DevOps Basics–Staging and Committing Changes

Another post for me that is simple and hopefully serves as an example for people trying to get blogging as #SQLNewBloggers. This is also a part of a basic series on git and how to use it.

In the course of normal work, you’ll change your code files. Git requires that you specify those changes that you want to commit, and those that you don’t. This means I can make changes to a few files, but not commit all those changes.

For example, let’s say that I add a couple files to my repo. I’ll add the Tables/Log.sql and Views/LogView.sql to my repo. This will give me a status in git that shows these are new files. In this case, I see the folders as they are new as well.

2017-06-27 21_21_16-cmd

If I add these files as being tracked, I’ll use “git add Tables” to add that folder and file. I get a new status.

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Here my Log.sql file is being tracked (and the folder) as changes that are staged to be committed. If I commit now, I’ll get just that file added, but not Views\LogView.sql.

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Staged and Changed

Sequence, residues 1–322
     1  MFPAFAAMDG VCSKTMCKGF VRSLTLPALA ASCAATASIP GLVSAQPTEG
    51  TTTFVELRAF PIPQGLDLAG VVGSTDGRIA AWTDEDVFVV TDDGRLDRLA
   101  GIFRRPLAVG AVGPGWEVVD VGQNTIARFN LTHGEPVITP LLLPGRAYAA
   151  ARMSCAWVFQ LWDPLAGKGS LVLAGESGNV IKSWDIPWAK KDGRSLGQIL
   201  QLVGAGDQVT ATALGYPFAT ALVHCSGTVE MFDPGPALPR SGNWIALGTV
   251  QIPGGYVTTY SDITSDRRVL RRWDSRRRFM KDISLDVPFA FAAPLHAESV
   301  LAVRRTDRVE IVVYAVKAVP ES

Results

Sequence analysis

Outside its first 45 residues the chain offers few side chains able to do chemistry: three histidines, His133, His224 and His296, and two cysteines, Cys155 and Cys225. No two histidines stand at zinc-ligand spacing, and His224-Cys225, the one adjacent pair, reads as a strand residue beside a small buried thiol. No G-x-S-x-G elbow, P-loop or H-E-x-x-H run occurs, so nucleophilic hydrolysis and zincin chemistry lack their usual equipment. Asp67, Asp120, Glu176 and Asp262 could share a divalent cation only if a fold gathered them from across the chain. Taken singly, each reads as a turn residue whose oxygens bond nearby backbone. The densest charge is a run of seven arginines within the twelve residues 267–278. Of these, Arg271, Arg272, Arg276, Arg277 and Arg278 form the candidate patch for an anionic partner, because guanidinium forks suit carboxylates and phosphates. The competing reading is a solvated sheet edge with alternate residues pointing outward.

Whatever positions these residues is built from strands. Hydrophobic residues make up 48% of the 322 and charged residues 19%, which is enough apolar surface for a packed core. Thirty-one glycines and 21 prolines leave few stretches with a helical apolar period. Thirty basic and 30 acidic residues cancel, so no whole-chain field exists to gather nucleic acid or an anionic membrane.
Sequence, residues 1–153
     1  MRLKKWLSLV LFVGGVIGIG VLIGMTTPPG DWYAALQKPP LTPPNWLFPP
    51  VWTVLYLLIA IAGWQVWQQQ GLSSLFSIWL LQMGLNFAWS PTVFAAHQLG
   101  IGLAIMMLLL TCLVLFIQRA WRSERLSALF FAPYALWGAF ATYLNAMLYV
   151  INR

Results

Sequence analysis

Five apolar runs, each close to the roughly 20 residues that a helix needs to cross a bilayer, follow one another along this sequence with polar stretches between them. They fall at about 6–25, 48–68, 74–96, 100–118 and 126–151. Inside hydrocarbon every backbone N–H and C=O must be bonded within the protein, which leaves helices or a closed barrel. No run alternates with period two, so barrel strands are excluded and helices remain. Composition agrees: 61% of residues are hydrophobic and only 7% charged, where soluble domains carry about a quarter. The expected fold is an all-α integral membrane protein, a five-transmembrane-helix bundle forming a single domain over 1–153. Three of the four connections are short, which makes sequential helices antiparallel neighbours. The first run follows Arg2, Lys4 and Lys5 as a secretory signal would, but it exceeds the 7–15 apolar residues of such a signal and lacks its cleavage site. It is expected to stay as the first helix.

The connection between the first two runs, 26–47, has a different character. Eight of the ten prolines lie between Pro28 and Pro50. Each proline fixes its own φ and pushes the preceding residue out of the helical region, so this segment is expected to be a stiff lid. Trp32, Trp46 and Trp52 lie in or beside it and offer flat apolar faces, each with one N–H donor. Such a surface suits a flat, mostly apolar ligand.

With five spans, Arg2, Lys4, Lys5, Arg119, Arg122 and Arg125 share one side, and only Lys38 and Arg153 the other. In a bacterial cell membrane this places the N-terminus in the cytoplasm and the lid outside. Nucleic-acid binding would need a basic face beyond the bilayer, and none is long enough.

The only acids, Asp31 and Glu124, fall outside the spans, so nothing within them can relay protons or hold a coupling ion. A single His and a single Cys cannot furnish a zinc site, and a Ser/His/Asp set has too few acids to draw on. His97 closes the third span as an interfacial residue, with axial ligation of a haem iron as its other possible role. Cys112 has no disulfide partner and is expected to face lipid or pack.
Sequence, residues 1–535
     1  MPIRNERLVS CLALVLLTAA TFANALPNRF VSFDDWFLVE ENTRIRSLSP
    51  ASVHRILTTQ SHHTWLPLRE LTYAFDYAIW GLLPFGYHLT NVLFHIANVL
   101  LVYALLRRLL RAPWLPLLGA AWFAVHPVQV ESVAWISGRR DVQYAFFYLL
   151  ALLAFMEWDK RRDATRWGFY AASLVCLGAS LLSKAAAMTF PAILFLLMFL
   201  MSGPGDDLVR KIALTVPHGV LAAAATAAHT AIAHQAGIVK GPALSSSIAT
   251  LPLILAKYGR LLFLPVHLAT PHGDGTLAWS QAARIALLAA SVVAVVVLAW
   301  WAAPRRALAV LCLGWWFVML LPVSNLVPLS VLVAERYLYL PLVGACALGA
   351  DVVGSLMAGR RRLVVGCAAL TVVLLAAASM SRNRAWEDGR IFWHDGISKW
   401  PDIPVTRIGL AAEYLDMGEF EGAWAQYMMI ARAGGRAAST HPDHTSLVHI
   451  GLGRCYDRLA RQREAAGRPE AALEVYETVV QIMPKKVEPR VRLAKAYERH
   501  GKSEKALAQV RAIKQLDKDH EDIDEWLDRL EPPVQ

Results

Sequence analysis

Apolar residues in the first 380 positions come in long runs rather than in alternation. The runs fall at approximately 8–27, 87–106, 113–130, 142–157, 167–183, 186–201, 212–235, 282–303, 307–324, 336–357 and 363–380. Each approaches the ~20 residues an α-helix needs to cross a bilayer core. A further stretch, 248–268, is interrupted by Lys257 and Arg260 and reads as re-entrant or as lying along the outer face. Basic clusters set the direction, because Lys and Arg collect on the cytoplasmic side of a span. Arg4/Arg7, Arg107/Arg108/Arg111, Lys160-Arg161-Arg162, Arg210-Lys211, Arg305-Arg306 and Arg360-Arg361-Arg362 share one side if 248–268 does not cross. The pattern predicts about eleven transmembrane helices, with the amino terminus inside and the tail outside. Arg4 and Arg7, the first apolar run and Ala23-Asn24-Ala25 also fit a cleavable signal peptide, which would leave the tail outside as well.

There is one strange thing I’ve run into, at least, strange to me. If I stage my Views folder, I’ll get this:

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Now I’ll change the LogView.sql file, removing the SELECT * and adding columns. When I check the status, I now see the file in both the staged and unstaged areas.

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This is allowed, but if I commit, I’ll get the original version of LogView.sql as it existed when I ran the git add command. See below that after my commit, I still see the modified file.

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If  I add and commit that file, I can use git log to see the actual changes. See the line in red with the – is the original line, while the green line with + is the change.

2017-06-28 12_17_02-cmd - git  log -p

Git add and git commit are the main ways you’ll commit files. If you have issues with a GUI client, then this is a good way for you to debug and clean up your repo. Knowing the command line is always the best way to truly understand what is happening.

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